Heroin Addiction Hotline

Authored by National Rehab Hotline    Reviewed by Robert Gerchalk    Last Updated: September 8th, 2021

Robert Gerchalk Medical Reviewer
Robert is our health care professional reviewer of this website. He worked for many years in mental health and substance abuse facilities in Florida, as well as in home health (medical and psychiatric), and took care of people with medical and addictions problems at The Johns Hopkins Hospital in Baltimore. He has a nursing and business/technology degrees from The Johns Hopkins University.

Addictions of all types wreak emotional and financial havoc on American families each year. In 2019, nearly 15,000 people died in the United States from a heroin overdose. This represents almost five deaths per every 100,000 Americans. When you take 15,000 people and multiply that number by their family and friends, you realize that hundreds of thousands of Americans are affected by heroin overdoses every year.

The National Rehab Hotline at 866-210-1303 can be the first line of defense. Empathetic and knowledgeable staff are on standby 24 hours a day, seven days a week to answer all of your questions and concerns regarding heroin addiction. Hotline operators can look up local resources for you and point you in the right direction so you can get the help you need. You can also call if you have questions or concerns for a loved one.

What Is a Heroin Addiction Hotline?

You may have heard of other types of hotlines, such as a suicide prevention hotline. These are toll-free phone numbers that are normally available any hour of the day for people to call with questions or concerns. The operators who answer the telephone have access to a wide variety of knowledge and resources to help with the specific addiction or health concern that the hotline is designated for. The National Rehab Hotline at 866-210-1303 can answer any questions you have regarding heroin use and heroin addiction.

Who Should Call a Heroin Addiction Hotline?

A hotline is open to anyone who has questions or concerns about heroin and heroin addiction. Heroin users who are worried about their own use of heroin or who are afraid that they are addicted may call the hotline with questions. A concerned loved one may also call with any questions that he or she may have about ways to aid a family member. Friends call hotlines sometimes, too, to receive advice about how to help a friend who is struggling with heroin.

What Are the Symptoms of a Heroin Overdose?

If you or a loved one has symptoms of a heroin overdose, you need to call 911 and not a hotline. Sometimes a caller may be wondering if his or her loved one has overdosed, and that is why he or she is calling. However, if your loved one is not responding to you or if he or she has lost consciousness, call 911 immediately.

Signs of a heroin overdose include:

• Shallow breathing or struggling to breathe
• Person was nodding out, but now you can wake him or her up
• Weak/thready pulse
• Fatigue
• Low blood pressure
• Acting delirious or not oriented to time and place
• Skin and lips turning blue
• Muscle spasms

When you call a hotline with questions about an overdose, the operator can help you realize whether it is an overdose or not and what the next steps should be.

Are Calls to a Hotline Confidential?

Every call to a heroin addiction hotline is 100% confidential. The operators will not record or share the information you tell them at any time without your permission.* Any identifying information you give to the operator will only be used to formulate a plan for you or the loved one you are calling for. Some personal details, including health history, may be necessary for the operator to point you in the correct direction.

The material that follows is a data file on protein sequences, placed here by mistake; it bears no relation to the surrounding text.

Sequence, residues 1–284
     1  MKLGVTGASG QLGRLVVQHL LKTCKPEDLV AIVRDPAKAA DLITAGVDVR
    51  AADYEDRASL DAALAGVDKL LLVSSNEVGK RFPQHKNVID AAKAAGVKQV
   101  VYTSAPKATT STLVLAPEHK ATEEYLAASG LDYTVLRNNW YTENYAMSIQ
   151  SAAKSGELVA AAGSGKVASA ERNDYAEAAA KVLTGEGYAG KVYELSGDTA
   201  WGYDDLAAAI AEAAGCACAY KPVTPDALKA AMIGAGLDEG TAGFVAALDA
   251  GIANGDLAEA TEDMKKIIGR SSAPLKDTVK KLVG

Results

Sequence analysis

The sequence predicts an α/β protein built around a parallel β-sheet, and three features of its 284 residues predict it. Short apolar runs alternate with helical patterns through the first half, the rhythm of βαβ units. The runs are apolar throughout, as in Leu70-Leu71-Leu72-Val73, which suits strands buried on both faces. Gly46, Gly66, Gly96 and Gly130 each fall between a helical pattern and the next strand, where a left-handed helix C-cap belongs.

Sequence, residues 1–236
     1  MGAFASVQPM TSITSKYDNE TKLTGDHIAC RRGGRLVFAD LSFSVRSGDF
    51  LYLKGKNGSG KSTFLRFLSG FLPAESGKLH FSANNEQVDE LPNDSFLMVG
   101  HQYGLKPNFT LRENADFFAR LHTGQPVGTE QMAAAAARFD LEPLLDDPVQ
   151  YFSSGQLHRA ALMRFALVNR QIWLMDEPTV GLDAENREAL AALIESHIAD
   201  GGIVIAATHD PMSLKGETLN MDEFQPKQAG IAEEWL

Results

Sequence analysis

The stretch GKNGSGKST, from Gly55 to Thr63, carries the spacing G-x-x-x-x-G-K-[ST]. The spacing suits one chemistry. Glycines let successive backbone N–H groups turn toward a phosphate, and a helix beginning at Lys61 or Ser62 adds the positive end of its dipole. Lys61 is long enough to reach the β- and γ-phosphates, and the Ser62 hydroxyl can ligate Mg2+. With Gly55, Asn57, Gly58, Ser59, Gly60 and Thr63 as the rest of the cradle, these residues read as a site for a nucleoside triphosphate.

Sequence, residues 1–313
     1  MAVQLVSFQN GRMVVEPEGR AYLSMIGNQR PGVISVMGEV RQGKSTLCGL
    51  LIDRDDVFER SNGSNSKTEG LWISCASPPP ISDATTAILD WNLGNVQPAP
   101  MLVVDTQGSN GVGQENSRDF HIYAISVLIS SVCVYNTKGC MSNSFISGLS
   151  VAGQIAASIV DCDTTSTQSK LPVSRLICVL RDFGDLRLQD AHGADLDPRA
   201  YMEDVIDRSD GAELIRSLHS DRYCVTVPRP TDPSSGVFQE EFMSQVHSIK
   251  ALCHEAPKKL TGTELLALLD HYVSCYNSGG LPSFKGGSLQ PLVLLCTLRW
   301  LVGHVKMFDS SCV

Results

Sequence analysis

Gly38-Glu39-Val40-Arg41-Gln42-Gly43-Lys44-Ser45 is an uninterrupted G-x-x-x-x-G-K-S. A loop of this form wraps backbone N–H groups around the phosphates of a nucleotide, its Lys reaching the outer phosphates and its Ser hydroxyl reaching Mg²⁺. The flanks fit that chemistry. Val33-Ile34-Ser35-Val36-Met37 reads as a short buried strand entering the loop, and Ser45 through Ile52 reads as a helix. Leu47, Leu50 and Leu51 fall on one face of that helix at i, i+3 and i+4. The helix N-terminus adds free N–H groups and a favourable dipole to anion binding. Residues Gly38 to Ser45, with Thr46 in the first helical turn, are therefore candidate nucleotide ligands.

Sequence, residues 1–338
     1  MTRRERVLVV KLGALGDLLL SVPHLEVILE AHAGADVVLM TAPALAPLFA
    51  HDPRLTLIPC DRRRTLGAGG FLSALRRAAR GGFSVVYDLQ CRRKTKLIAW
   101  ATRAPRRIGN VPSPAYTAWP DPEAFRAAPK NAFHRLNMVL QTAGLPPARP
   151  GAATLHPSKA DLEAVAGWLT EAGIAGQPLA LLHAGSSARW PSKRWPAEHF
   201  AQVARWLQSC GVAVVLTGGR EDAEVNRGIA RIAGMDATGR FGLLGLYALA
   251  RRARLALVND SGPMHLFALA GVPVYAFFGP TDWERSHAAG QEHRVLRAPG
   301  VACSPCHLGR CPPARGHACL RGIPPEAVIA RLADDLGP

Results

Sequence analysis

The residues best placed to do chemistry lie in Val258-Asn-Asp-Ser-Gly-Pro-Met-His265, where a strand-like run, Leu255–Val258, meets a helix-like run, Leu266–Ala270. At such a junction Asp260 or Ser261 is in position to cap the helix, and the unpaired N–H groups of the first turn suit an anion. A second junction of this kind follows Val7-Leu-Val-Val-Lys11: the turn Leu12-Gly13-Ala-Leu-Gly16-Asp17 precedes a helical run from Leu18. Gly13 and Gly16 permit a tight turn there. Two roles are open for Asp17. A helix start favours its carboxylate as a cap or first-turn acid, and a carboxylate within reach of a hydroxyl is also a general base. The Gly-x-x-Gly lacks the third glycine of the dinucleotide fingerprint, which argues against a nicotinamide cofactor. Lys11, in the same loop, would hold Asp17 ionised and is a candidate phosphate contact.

*People taking calls do have to try to get immediate help if there is immediate danger of harm to self (suicide) or others, or a vulnerable person, such as a child, is in immediate danger.

Can You Call a Hotline for Someone Else?

While there are no specific numbers available, many callers to hotlines are not users themselves. Many times, friends or family members of a drug user become concerned about a loved one’s behavior and suspect he or she is using drugs. This worried individual may not be ready to confront the loved one with his or her suspicions. Instead, the friend or family member calls the hotline to receive guidance on how to help. The operators can educate the person about the signs of drug use and addiction. To receive a true diagnosis, however, the substance user must see a health professional.

Symptoms of a Heroin Addiction

Heroin is a highly addictive drug. If you are using heroin, it is very likely that you are addicted. Signs that someone you know may be addicted to heroin include:

• Tiny (pinpoint) pupils (this happens while using)
• Large (dilated) pupils (this happens when experiencing withdrawals)
• Scabs from picking at their skin
• Sudden or unexpected weight loss
• Dark circles under eyes
• Puffy eyes
• Droopy facial expressions
• Heavy eyelids
• Hacking cough (if the drug is smoked)
• Burn marks on fingers and mouth (if the drug is smoked)
• Track marks on arms (if the drug is injected)
• Changes in appetite
• Isolating away from friends and family
• Withdrawing from loved ones
• Poor personal hygiene
• Increased financial problems, including debt
• Being unable to maintain life’s responsibilities and obligations
• Finding various drug paraphernalia such as baggies, aluminum foil, and needles

If you fear that you or a loved one has become addicted to heroin, you can call The National Rehab Hotline at 866-210-1303 today. Our operators will answer all of the questions you have regarding heroin addiction and treatment.

How Long Does a High Last?

One of the reasons heroin is so addictive is that the high lasts only one to three hours. The exact time that a high will last is based on several biological factors, including a person’s weight and how quickly substances move through his or her body.